Nordonia Hills -- Although three of the area's four communities have not yet established permanent budgets for 2013, they all began the year with a cash cushion in their coffers.
Macedonia, Northfield Center and Northfield Village are currently operating under temporary budgets, while Sagamore Hills Trustees approved the township's permanent budget Dec. 27. Under state law, the communities must approve permanent budgets by the end of March.
Macedonia Finance Director Scott Svab said the city started the year with about $5.77 million, of which nearly $3.36 million was in the general fund. The general fund carryover includes $500,000 each in the emergency reserve fund and the retirement reserve fund -- a fund set up last year to pay for difficult-to-anticipate expenses when an employee retires and is compensated for unused vacation or sick time.
By comparison, said Svab, the city began 2012 with about $5.94 million, about $3.19 million of which was in the general fund -- including the $500,000 emergency reserve fund.
Svab said the city's proposed budget this year is about $17.84 million, of which $10.9 million is the general fund, lower than the approximately $11.4 million spent out of the general fund last year.
Total income tax revenue, the city's largest source of revenue, last year totaled about $7.82 million. Svab said he is projecting a 3 percent growth, about $240,000 in income tax revenue this year.
"I see modest growth," he said. "I think the economy's up a little bit."
However, Svab said there are some concerns. For one thing, this is the last year the city will collect additional revenue from a three-year income tax increase that voters approved in November 2010. It increased the city's rates from 2 to 2.25 percent and Svab said it provided roughly $750,000 last year.
In addition, although it is not a tax increase, there is no guarantee that voters will approve the renewal of a 1-mill, five-year fire levy planned for the May 7 ballot. Svab said that if it is not renewed this year, the city will lose nearly $400,000 that goes to the fire department.
Mayor Don Kuchta said he believes the city has done a good job in creating a cushion to protect it from blows.
"We're strong," he said. "It's better to be apprehensive about forthcoming changes when you're strong."
According to financial records from Township Fiscal Officer Andy LaGuardia, the township started 2013 with about $3.75 million after spending about $2 million in 2012. This included about $1.47 million carryover in the general fund, with about $776,000 spent.
"We're holding our own," said Trustee Richard Reville. "We're maintaining our service levels without going for more tax dollars."
By comparison, the township began 2012 with about $3.46 million, including about $1.35 million in the general fund. LaGuardia said he cannot say how much money the township will have available this year because he needs total estimated resources figures from the Summit County Fiscal Office.
"I can't answer that because I'm still waiting for that from the county," said LaGuardia.
LaGuardia said he expects two reductions in revenue this year. First is nearly $100,000 from the loss of estate taxes, which have been phased out by the state. Second, LaGuardia expects the township will only get about half of the $124,000 it receives in local government and state income tax funding due to state budget cuts.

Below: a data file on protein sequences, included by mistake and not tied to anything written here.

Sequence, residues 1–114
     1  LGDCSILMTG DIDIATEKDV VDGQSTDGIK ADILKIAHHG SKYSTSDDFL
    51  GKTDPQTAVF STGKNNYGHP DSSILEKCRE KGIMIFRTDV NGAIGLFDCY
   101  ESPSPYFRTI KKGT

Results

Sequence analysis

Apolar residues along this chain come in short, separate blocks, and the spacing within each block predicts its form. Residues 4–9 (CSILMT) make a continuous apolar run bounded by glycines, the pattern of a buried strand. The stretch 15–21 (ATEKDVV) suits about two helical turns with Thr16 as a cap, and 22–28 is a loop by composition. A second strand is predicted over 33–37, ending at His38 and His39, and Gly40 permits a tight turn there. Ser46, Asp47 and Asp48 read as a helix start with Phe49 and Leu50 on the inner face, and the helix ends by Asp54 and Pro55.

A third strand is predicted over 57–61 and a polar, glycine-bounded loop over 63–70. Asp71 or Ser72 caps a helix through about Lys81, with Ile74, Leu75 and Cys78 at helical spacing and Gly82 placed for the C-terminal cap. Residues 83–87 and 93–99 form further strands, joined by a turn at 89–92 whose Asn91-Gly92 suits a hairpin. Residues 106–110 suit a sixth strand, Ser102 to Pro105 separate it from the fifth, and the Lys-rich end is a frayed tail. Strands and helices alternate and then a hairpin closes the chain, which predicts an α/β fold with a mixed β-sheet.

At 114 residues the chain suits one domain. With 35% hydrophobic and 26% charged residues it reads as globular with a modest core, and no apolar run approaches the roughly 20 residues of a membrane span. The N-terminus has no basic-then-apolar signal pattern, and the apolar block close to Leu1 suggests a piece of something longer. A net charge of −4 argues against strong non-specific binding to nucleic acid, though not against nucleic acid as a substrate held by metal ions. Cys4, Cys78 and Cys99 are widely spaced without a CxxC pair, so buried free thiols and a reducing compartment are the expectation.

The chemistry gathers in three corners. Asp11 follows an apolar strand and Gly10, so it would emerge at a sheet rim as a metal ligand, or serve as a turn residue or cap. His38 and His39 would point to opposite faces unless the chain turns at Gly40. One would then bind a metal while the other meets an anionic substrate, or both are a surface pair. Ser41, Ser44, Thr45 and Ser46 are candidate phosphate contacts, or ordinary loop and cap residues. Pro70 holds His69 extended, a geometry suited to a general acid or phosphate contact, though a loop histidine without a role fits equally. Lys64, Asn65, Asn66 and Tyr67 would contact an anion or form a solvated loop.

Northfield Village Finance Director Monica James said the village began 2012 with about $480,000, of which about $155,000 was in the general fund. The village started 2012 with more than $260,000 in the general fund, but less money overall -- about $385,000.
"With revenues being down, we did an exceptional job," said Mayor Jesse Nehez.
About $3.2 million was spent last year, including about $2.1 million from the general fund.
"We're pinching pennies where we can and staying on top of the budget," said Nehez.
Local income tax receipts, the village's "main source" of revenue, totaled a little over $1 million last year, said James. She said she expects to have an estimate for this year around mid-February, which is likely to include a jump thanks to employee withholding taxes from workers constructing a $285 million gaming and entertainment facility, or racino, at Northfield Park.
James said that although a proposed permanent budget has not been prepared, yet, she only foresees one significant change this year.
"About the only added expense will be the village's [$240,000] portion of the sanitary sewer project," said James, referring to plans to expand flow capacity, as well as eliminate the village's Elm Street pump station, at an estimated cost of $1.9 million.
About $1.66 million is to be paid for with a state Issue 1 grant.
The village is also expecting $2 million this year in two installments that the state is distributing to communities with a race track that will host a racino. The money is from the state's casino operator's settlement fund, which hold funds paid into it by casino and racino developers.
"I think things are going very well," said Nehez.
According to township budget figures, the township is expecting to have about $6.16 million at the end of 2013, including nearly $4 million in the general fund. The township started the year with $5.32 million, including about $3.92 million in the general fund.
"The township's doing just fine," said Trustee Richard Barrett, adding that the township does not plan any "pie-in-the-sky" projects this year.
"We still have money in the rainy day fund and we've balanced the budget," he said. "We're in good shape with the carryover."
Total expenditures this year are anticipated to a little less than $3 million, with the largest about $1.47 million out of the police levy fund. Total revenue this year is estimated at more than $3.8 million, of which about $3.2 million will be property taxes, including $1.7 million generated by the township's 5-mill police levy.